The film lives and dies by Portman’s performance, and to say she dives in headfirst is an understatement. Larraín was persistent about not only casting her, but removing every scene from Noah Oppenheim’s brilliant screenplay that didn’t feature her. Her depiction of the former First Lady is so studied in its technical precision, it almost leaves no room for nuance or depth, emphasis on almost. But we’re not just talking about any actress here; this is the performance of Portman’s very accomplished career, exceeding her Oscar-winning turn in Black Swan and similarly acclaimed roles in Closer and The Professional. I’ve read many reviews that have accused Portman of succumbing to camp, and it’s clear that they focused entirely too much on the accent, missing the emotion the actress is imbuing into her character. That so much of the film is shot in close ups only adds to the effectiveness of Portman’s very masterful work; she has a face made for close ups.

Anyone who is familiar with Jackie knows her incredibly unusual speaking voice, something she played up or down depending on who she was talking to. Portman plays this aspect effortlessly, switching the many masks of Jacqueline sometimes several times throughout one sequence. There’s Jackie the mother, Jackie the widow, Jackie the scared woman hiding behind the beloved public figure, etc. And while she plays up her recognizable poise, her Jackie is no shrinking violet. In fact, she’s not always entirely likable, and she’s a bit of a scammer. As Jackie sees the world around her change, being pushed out of the Oval office by Lyndon B. Johnson, his wife “Ladybird” and the men around her, she struggles to redefine and cement a narrative for her late husband that will not be forgotten. And as we all know, she succeeded.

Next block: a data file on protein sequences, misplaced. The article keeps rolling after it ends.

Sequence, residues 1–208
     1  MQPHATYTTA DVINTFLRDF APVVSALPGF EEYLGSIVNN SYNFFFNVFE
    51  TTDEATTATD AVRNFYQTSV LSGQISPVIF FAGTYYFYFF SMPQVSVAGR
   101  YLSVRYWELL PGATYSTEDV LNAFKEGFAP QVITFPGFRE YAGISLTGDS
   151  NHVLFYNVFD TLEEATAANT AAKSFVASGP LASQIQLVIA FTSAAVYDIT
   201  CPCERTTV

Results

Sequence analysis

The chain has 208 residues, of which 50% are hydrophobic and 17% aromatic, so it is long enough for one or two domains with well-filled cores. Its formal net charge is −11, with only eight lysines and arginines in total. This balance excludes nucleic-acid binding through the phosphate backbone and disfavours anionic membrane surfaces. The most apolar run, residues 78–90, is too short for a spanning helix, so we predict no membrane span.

Natalie Portman doesn’t just become Jackie Kennedy, so much as she and Pablo Larraín redefine what it means to depict an iconic figure on the screen.




*** 1.) Moonlight (dir. Barry Jenkins, Starring: Trevante Rhodes, André Holland, Janelle Monáe, Ashton Sanders, Jharrel Jerome, Naomie Harris & Mahershala Ali) ***


There is nothing I’m going to say about Moonlight that hasn’t been said already. It’s the year’s best film by a country mile, and one of the best films ever made. Barry Jenkins’ masterpiece went unmatched by every film this year, and no matter what wins Best Picture at the Academy Awards this is the film of 2016.

Based on the unproduced play In Moonlight Black Boys Look Blue by Tarrell Alvin McCraney, Moonlight is about many things, but at the center, it’s the story of Chiron a young boy growing up in Miami coming to terms with his identity. Told in three acts (i. Little, ii. Chiron and iii. Black) we witness three moments in his life: childhood, adolescence and adulthood, with Chiron being played by a different actor in each chapter. In his childhood, we see him begin to latch onto a surrogate family in the form of drug dealer Juan (Mahershala Ali) and his girlfriend Teresa (Janelle Monáe). There’s already a strain between Chiron and his mother Paula (the exceptional Naomie Harris) that evolves throughout the next two chapters as she slips into drug addiction that casts its shadow over the film. His friendship and blossoming romance with childhood friend Kevin (also played by three actors: Jaden Piner, Jharrel Jerome and André Holland in a similarly symbiotic group of performances). These characters are rendered with sensitivity and humanity. Jenkins never shoots them with judgement, nor does he attempt to canonize them or falsely earn empathy and understanding from the audience; these are human beings that are never afforded this kind of treatment from most mainstream Hollywood films, much less offered the opportunity to have their stories told and explored.